New Jersey man found camera taped to urinal at his company's office, suit says

The employee who found the camera claims that after he reported the incident anonymously, the company retaliated against him.

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By Elisha Fieldstadt

A New Jersey man is suing his employer, a national human resources company, claiming that he was retaliated against at work after reporting that he found a camera taped to a urinal in a men's bathroom.

Jason Savage, a client success coordinator at human resources and payroll company TriNet USA, Inc., alleges in a lawsuit filed last week in state Superior Court in Monmouth County, New Jersey, that in July he discovered a "surreptitiously placed" camera on a urinal at the company's office in Iselin, about 30 miles southwest of Manhattan office.

Whoever placed the camera "deliberately positioned the device's small lens to record the genitalia of individuals ... using the bathroom urinal," the lawsuit says.

The camera had the ability to store, transfer and share footage, according to the suit. Savage "naturally feared the worst: a co-worker recorded him (and others) in the bathroom and widely disseminated the footage on the internet."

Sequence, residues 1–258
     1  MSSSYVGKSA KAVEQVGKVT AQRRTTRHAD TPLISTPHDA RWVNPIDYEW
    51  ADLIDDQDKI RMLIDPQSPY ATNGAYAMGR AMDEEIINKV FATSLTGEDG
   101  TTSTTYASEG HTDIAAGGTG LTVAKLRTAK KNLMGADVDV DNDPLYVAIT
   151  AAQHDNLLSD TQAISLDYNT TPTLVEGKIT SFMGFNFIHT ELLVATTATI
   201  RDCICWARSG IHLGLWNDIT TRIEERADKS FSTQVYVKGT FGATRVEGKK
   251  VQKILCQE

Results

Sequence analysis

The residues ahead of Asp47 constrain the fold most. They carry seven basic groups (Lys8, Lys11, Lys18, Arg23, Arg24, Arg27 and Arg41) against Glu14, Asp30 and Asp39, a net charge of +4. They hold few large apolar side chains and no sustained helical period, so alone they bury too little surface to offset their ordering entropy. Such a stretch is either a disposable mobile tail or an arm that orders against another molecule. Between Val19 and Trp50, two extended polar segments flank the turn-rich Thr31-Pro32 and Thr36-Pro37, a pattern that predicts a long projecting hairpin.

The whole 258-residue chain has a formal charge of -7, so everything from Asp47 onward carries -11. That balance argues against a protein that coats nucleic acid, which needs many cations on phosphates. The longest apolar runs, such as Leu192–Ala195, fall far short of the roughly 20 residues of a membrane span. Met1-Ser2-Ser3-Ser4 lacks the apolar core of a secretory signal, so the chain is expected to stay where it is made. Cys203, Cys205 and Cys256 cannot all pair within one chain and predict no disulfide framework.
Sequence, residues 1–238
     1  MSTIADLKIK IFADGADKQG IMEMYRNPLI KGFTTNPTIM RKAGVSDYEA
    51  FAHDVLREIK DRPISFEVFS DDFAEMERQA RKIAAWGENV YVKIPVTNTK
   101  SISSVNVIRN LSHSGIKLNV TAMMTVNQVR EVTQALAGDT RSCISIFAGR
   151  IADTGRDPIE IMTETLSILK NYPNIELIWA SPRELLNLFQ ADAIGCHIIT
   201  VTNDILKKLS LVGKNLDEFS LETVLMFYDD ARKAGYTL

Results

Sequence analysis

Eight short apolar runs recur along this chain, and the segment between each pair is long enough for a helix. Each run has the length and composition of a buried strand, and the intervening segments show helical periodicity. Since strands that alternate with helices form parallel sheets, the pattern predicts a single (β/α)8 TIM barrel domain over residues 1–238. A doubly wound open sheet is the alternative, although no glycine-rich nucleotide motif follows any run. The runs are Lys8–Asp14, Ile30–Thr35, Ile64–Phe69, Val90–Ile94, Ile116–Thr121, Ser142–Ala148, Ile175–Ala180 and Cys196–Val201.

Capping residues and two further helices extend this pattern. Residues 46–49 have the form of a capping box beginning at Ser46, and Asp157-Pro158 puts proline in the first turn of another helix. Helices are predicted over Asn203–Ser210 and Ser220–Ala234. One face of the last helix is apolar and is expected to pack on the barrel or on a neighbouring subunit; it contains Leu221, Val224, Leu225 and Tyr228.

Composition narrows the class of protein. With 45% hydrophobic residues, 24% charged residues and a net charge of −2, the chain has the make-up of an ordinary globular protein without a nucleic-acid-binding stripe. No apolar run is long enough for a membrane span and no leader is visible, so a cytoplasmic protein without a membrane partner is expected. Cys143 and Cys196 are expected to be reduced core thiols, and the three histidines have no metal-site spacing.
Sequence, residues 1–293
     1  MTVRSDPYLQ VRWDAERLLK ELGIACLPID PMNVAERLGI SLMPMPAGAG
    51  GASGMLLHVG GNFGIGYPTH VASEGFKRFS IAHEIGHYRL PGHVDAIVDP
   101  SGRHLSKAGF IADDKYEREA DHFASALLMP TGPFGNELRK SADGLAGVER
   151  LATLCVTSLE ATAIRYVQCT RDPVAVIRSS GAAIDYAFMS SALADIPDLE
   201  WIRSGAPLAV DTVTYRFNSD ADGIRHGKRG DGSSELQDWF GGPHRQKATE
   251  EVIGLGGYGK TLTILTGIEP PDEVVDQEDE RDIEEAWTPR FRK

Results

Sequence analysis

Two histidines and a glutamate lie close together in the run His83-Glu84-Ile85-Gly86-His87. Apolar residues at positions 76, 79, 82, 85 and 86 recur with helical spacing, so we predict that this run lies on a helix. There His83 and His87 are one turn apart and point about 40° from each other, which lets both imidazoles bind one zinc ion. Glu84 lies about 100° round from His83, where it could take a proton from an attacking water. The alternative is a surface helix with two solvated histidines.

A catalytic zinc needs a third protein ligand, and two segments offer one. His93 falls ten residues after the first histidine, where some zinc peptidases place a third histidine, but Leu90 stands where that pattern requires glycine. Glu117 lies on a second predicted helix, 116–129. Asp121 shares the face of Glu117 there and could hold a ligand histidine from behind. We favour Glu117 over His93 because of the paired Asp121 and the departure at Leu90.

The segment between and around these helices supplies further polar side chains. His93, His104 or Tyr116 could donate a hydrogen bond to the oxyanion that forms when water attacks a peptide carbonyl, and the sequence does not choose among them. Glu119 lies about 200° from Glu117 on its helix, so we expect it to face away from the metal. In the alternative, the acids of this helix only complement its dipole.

An image included in a civil suit filed in Monmouth County, New Jersey, that alleges an employee of TriNet found a camera on an office urinal.Court Documents filed in New Jersey Superior Court

Savage immediately left the bathroom and invited two fellow employees to inspect the device, the suit says. His direct boss, David Swerdloff, entered the bathroom shortly thereafter to ask what was going on.

Swerdloff ripped the camera off the urinal and told Savage and the other employees that he would file a report with police, then left the office with the camera, the suit claims

He called about 15 minutes later and said he had not gone to police but "stated, in erratic fashion, that he accidentally smashed the camera and in a state of panic hurled the device from his car off the Garden State Parkway overpass," the suit says.

When they urged him to report the incident to police, he told them if they did "everyone 'will get fired because we did not report the incident when it happened,'" according to the suit. "'You do not want to be fired; you have TriNet paying for your school, rent and benefits,'" he allegedly said.

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Figuring that his boss was not going to do anything, Savage reported finding the camera to TriNet's internal ethics hotline, which allows callers to be anonymous, and promises they will not be retaliated against, the suit says.

The suit alleges that TriNet opened an investigation, during which Swerdloff told Savage and other colleagues to "get their stories straight" about the day the camera was discovered.

Swerdloff was fired at the conclusion of the investigation. But the company "refused to even indicate whether anyone has contacted or intends to contact criminal authorities" and would not reveal what was found during the investigation that led to Swerdloff's termination, the suit claims.